A tropical storm blew in two days ago from mozambique. It rained so much that our world became a moat around the house. The rain guage overflowed so we don't have accurate figures, but we have had more than 200mls rain in 24 hours. At first it was calming, cozy to watch the rain from a dry house - and above all else it was cool after the melting heat.
We slept to rain hammering on our tin roof. In the morning we were surrounded with babbling brooks, waterfalls, and torrents of clear water gushing out of the koppies behind the house. When you live in a seasonal rainfall area, you can never be sure when or if it will rain. Even if you are not a farmer, you keep a wary eye on the landscape and see when it is suffering, parched and dry. There is always rejoicing when rain falls. And when it is heavy enough to make dry rivers fill with flash floods it is exciting to go and see what is happening.
So there we were, driving into Kruger Park with the rain slashing down - into the eye of the storm. Every tiny creek and crease in the landscape was pumping milky brown water under and over the road; sheets of water lay on open plains forming a miniscus at the roadside waiting to tip. In places it had tipped but was shallow enough to drive through. In other places the water had lifted platlets of tar off the road surface as if they were scales. They lay in tumbled jigsaw pieces on the verge.
Waterholes we know that are traditionally serene pools of reflections and hippo heads, were transformed into swollen angry forces, storming over their dam walls, and racing in furious frothy torrents over rocks and between the dark wood trees.
We made it through to Letaba camp. In the restaurant, groups of sodden looking tourists gazed glumly at the torrential scene. We snapped pics and revelled in the excitement of watching the river rise. In 2000, the river flooded right into the restaurant area - for now it was still well under control.
We decided to head home. In that short time, the river had crossed the small bridge on our exit road and was rolling and tumbling through the gorge with great gusto. A tortoise washed up on the edge of the fray. It was being caught by the waves that swirled in from the rocks. I broke the rules and lifted him to higher ground. It was the cleanest tortoise i have ever seen.But we could no longer cross the bridge so we turned back to Letaba camp to wait for the water levels to subside. Sometimes Africa just makes you wait, and it always reminds you who is in ultimate control of the situation. These days its not just Africa that does this.
Back in Letaba the water had flooded into the parking area to the extent that normal sedan cars could not drive through certain areas. Things were changing fast, and still the rain came slashing down. The best thing to do is stop and wait so we did. Strangers started chatting, sharing road reports. We heard that the road south was closed, and the road north was blocked by floodwaters.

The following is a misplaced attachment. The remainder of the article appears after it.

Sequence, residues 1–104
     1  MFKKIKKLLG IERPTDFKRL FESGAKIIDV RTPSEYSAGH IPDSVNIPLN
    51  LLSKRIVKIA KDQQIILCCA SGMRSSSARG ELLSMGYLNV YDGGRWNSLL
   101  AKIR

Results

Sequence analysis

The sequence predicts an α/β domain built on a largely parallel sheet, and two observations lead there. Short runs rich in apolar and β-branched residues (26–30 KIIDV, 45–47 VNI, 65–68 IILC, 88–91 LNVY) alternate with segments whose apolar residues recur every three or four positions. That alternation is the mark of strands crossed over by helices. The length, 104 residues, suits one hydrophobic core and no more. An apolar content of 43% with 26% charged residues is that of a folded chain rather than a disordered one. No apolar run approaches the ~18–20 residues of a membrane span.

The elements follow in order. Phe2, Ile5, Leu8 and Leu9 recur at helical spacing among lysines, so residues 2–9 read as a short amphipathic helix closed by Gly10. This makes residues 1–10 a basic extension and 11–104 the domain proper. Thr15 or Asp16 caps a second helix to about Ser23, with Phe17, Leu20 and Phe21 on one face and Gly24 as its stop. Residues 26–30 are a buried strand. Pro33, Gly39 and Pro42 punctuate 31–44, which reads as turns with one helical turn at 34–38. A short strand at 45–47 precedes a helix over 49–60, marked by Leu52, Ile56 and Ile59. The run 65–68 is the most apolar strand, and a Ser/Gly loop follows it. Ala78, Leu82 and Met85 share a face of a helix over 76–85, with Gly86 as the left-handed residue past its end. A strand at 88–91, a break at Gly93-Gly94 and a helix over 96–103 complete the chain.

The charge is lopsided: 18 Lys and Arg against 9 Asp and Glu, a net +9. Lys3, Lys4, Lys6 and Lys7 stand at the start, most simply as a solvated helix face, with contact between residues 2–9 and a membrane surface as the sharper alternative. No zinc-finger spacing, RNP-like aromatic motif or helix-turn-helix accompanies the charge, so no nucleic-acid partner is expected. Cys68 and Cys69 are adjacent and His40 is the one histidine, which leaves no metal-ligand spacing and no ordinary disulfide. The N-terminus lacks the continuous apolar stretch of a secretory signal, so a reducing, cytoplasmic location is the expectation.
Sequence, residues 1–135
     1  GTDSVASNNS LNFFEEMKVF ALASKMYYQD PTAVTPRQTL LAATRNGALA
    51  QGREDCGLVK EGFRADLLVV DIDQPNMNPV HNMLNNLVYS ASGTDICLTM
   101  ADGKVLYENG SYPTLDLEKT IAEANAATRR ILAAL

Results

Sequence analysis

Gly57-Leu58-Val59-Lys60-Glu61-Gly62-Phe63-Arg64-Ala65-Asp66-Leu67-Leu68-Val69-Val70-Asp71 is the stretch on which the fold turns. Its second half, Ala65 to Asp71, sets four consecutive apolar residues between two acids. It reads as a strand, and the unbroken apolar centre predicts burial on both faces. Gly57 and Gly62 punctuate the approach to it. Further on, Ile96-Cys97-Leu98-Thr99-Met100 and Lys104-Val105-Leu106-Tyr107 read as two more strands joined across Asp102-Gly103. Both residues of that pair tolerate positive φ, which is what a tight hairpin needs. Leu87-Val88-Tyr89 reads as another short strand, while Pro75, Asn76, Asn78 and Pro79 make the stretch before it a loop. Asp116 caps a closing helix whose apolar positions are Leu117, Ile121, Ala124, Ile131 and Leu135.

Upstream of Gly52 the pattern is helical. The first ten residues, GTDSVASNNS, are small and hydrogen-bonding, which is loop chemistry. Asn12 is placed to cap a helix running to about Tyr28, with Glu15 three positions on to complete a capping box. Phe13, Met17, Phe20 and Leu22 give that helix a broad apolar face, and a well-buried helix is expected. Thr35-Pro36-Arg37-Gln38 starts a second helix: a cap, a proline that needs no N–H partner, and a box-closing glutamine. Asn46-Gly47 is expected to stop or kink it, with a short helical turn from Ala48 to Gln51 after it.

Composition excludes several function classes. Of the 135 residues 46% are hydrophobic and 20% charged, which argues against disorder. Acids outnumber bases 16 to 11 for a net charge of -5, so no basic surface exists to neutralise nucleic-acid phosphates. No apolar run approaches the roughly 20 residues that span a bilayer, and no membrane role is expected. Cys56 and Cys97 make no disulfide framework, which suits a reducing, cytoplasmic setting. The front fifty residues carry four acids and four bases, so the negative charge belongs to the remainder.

After lunch we tried again. Luckily for us the floodwaters had dropped below the bridge and, although the crash barriers were torn and twisted over the road, we were able to drive through.
We made it home through the rain slashed park. But this wasnt enough. We decided to drive to the Olifants River to see the floods there. Rayson came with us this time. I love how, in this area, all the locals turn out to look at a flooded river. Even the police were there taking pictures with their cell phones. The brown swirling waters raced under the road bridge carrying huge tree trunks and debris that now and again thunked into the bridge supports. Rayson is our man about the place. He thought we were mad to stop on the bridge and headed straight for the other side to watch from there. He had a point. Watching the racing flood waters certainly made you feel dizzy and sick. We saw a hippo out of the water on the other side and wondered if the marooned trees were full of snakes.
Back home we decided to quickly check if the lions were still on the open lands. We drove along the fence line and slipped into a mushy hole of mud. We were instantly stuck! Having assessed the situation we decided not to dig due to the waterlogged soil, but rather to walk home and fetch the other vehicle and pull this one out. It was about a two kilometer walk and I tried hard not to think about the two rangy male lions we had seen just that morning. Rayson found a terapin turtle on the road, and there was a giant African land snail moving slowly along. The road was a delta of flowing streams and pools.
We picked up the other vehicle and returned to the fence line. A tow rope was hooked up but the road was way too slippery and the other vehicle was just too stuck . Traction was not happenning.
We reversed to try and approach from the other side and lo, this vehicle also sank into the mud. After numerous attempts to dig and push, and put logs under tyres we decided to walk home again before it got too dark to leave. Now we must wait for the road to dry out even a little, and try again.